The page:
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Orphanet J Rare Dis. 2019 Feb 13;14(1):41. doi: 10.1186/s13023-018-0981-5.

Mimicry and well known genetic friends: molecular diagnosis in an Iranian cohort of suspected Bartter syndrome and proposition of an algorithm for clinical differential diagnosis.

Author information

1
Genome Research Division, Human Genetics department, Radboud University Medical Center, Geert Grooteplein Zuid 10, 6525KL, Nijmegen, The Netherlands.
2
Departement of Biology, University of Sistan and Baluchestan, Zahedan, Iran.
3
Departement of Biology, University of Sistan and Baluchestan, Zahedan, Iran. dor_kordi@yahoo.com.
4
Genetics Research Center, University of Social Welfare and Rehabilitation Sciences, Tehran, Iran.
5
Children and Adolescents Health Research Center, resistant tuberculosis institute, Zahedan University of Medical Sciences, Zahedan, Iran.
6
Center for Pediatrics and Adolescent Medicine, Freiburg University Hospital, Freiburg University Faculty of Medicine, Mathildenstrasse 1, 79112, Freiburg, Germany.
7
Razavi Cancer Research, Razavi Hospital, Imam Reza International University, Mashhad, Iran.
8
Next Generation Genetic Polyclinic, Mashhad, Iran.
9
Department of Pediatrics, Faculty of Medicine, Mashhad University of Medical Sciences, Mashhad, Iran.
10
Genome Research Division, Human Genetics department, Radboud University Medical Center, Geert Grooteplein Zuid 10, 6525KL, Nijmegen, The Netherlands. miriam.schmidts@uniklinik-freiburg.de.
11
Center for Pediatrics and Adolescent Medicine, Freiburg University Hospital, Freiburg University Faculty of Medicine, Mathildenstrasse 1, 79112, Freiburg, Germany. miriam.schmidts@uniklinik-freiburg.de.
12
Center for Pediatrics and Adolescent Medicine, University Hospital Freiburg, 79112, Freiburg, Germany. miriam.schmidts@uniklinik-freiburg.de.

Abstract

BACKGROUND:

Bartter Syndrome is a rare, genetically heterogeneous, mainly autosomal recessively inherited condition characterized by hypochloremic hypokalemic metabolic alkalosis. Mutations in several genes encoding for ion channels localizing to the renal tubules including SLC12A1, KCNJ1, BSND, CLCNKA, CLCNKB, MAGED2 and CASR have been identified as underlying molecular cause. No genetically defined cases have been described in the Iranian population to date. Like for other rare genetic disorders, implementation of Next Generation Sequencing (NGS) technologies has greatly facilitated genetic diagnostics and counseling over the last years. In this study, we describe the clinical, biochemical and genetic characteristics of patients from 15 Iranian families with a clinical diagnosis of Bartter Syndrome.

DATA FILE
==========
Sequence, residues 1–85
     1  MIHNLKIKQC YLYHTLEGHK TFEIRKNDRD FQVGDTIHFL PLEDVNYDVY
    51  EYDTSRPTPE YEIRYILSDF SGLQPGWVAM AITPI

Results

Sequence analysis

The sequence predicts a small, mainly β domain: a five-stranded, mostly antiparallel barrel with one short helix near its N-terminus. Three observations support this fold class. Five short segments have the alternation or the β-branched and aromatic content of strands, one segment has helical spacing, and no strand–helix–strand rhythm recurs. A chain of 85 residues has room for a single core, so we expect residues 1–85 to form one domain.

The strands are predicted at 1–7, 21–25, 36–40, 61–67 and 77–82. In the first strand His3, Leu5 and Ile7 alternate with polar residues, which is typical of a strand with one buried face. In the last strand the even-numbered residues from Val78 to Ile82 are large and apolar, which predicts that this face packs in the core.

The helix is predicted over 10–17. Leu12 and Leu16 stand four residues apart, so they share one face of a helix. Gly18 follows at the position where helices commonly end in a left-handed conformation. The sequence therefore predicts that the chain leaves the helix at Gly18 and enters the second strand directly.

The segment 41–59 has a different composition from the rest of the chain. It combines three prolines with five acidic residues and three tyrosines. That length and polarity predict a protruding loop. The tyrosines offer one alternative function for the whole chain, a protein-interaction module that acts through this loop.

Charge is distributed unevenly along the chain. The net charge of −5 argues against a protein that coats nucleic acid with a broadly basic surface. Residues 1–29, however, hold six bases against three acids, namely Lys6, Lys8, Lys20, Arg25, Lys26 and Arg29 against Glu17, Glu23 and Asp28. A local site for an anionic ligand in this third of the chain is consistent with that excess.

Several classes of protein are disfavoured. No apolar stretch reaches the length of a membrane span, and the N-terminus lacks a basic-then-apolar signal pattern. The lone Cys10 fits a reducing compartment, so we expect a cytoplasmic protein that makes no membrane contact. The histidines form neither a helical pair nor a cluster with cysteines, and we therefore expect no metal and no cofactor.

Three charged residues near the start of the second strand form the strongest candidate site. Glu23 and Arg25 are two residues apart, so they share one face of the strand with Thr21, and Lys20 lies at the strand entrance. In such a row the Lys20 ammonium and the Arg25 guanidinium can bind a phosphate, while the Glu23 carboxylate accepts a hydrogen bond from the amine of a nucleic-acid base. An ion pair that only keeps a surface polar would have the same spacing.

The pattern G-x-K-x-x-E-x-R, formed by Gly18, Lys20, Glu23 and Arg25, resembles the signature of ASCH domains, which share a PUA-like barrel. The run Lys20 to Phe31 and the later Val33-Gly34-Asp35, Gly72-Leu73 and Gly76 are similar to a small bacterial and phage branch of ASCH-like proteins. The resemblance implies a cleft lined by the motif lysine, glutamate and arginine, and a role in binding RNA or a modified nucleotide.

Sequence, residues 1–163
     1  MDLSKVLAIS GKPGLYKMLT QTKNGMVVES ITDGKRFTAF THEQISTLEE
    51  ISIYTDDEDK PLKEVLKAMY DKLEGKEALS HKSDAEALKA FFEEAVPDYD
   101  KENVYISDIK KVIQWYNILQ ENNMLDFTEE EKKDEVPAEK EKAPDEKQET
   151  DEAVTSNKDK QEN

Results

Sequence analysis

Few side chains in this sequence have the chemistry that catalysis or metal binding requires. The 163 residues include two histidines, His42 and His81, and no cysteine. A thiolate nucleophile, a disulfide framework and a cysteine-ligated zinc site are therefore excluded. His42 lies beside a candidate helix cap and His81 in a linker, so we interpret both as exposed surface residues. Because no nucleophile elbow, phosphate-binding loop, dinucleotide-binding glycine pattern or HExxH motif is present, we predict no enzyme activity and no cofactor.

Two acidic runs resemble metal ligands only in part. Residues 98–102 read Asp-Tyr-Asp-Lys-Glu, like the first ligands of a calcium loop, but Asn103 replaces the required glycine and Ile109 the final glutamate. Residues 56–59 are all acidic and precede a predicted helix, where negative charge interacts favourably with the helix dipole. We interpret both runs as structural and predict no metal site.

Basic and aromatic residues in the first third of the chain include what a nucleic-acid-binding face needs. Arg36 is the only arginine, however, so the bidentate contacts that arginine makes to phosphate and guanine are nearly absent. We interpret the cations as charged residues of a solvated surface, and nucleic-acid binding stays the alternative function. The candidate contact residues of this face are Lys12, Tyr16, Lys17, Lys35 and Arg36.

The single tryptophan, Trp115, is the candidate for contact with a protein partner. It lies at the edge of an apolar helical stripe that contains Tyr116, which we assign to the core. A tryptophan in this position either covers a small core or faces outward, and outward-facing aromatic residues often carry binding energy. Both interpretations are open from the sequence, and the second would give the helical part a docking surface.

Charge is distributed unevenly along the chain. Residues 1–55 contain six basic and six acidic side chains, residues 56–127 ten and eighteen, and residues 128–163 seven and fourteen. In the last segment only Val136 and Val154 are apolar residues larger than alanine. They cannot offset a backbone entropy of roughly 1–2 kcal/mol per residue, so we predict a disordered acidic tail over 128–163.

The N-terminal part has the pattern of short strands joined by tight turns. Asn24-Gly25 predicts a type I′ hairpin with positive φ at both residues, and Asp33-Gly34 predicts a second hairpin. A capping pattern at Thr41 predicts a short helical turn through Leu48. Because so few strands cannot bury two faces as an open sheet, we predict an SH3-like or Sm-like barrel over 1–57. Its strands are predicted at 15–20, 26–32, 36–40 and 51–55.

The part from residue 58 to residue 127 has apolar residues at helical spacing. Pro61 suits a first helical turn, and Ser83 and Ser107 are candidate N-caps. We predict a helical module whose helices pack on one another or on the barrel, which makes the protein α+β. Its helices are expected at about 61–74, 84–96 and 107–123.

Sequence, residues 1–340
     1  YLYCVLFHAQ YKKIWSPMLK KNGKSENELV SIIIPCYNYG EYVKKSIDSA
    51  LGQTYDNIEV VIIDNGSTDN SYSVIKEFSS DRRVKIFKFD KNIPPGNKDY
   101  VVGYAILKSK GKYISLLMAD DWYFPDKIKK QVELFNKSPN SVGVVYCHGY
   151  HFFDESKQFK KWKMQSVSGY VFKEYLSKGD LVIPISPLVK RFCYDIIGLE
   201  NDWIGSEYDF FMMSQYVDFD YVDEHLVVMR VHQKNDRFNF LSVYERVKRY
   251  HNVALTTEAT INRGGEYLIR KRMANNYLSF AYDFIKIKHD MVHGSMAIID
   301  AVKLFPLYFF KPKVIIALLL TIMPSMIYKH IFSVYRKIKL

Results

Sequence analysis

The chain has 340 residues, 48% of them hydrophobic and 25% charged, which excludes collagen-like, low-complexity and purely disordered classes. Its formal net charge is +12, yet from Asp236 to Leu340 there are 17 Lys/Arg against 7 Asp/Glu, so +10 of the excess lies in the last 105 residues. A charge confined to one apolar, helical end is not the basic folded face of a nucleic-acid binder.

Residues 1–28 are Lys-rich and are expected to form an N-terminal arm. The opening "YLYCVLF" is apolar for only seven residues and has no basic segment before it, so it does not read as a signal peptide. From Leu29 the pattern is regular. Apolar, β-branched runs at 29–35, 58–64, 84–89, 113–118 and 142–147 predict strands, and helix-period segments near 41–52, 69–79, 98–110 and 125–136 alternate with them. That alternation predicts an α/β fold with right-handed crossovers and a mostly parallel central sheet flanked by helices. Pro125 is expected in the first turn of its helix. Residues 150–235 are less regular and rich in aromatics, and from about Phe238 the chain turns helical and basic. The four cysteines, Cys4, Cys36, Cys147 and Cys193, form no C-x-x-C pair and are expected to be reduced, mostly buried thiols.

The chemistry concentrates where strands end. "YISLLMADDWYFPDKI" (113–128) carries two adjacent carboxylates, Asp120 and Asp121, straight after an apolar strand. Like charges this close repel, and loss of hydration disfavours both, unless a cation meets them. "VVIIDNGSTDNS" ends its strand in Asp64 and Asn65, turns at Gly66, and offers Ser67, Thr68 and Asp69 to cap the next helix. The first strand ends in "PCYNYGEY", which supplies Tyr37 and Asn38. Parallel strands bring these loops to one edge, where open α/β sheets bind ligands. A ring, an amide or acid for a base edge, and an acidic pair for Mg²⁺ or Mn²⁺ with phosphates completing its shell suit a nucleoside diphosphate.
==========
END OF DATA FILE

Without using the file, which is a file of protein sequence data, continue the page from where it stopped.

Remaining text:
RESULTS:

Age range of patients included in this study was 3 months to 6 years and all patients showed hypokalemic metabolic alkalosis. 3 patients additionally displayed hypercalciuria, with evidence of nephrocalcinosis in one case. Screening by Whole Exome Sequencing (WES) and long range PCR revealed that 12/17 patients (70%) had a deletion of the entire CLCNKB gene that was previously identified as the most common cause of Bartter Syndrome in other populations. 4/17 individuals (approximately 25% of cases) were found to suffer in fact from pseudo-Bartter syndrome resulting from congenital chloride diarrhea due to a novel homozygous mutation in the SLC26A3 gene, Pendred syndrome due to a known homozygous mutation in SLC26A4, Cystic Fibrosis (CF) due to a novel mutation in CFTR and apparent mineralocorticoid excess syndrome due to a novel homozygous loss of function mutation in HSD11B2 gene. 1 case (5%) remained unsolved.

CONCLUSIONS:

Our findings demonstrate deletion of CLCNKB is the most common cause of Bartter syndrome in Iranian patients and we show that age of onset of clinical symptoms as well as clinical features amongst those patients are variable. Further, using WES we were able to prove that nearly 1/4 patients in fact suffered from Pseudo-Bartter Syndrome, reversing the initial clinical diagnosis with important impact on the subsequent treatment and clinical follow up pathway. Finally, we propose an algorithm for clinical differential diagnosis of Bartter Syndrome.

KEYWORDS:

Bartter syndrome; Pseudo-Bartter-syndrome; Whole exome sequencing

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